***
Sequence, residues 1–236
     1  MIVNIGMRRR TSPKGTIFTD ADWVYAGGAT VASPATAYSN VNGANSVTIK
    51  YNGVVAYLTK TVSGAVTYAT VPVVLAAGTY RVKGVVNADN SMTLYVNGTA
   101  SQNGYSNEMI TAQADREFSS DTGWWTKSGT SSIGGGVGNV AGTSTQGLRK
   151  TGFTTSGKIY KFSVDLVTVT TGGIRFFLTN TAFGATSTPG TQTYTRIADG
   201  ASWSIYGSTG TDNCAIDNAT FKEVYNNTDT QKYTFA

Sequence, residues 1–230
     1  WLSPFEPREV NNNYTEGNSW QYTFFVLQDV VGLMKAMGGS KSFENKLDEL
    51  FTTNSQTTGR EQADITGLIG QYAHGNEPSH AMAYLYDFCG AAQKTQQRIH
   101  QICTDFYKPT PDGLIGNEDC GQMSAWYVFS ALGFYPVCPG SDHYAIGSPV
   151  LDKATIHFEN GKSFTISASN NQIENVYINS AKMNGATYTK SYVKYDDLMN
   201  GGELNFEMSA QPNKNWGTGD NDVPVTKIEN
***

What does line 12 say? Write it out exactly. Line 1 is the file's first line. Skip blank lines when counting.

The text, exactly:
   201  GGELNFEMSA QPNKNWGTGD NDVPVTKIEN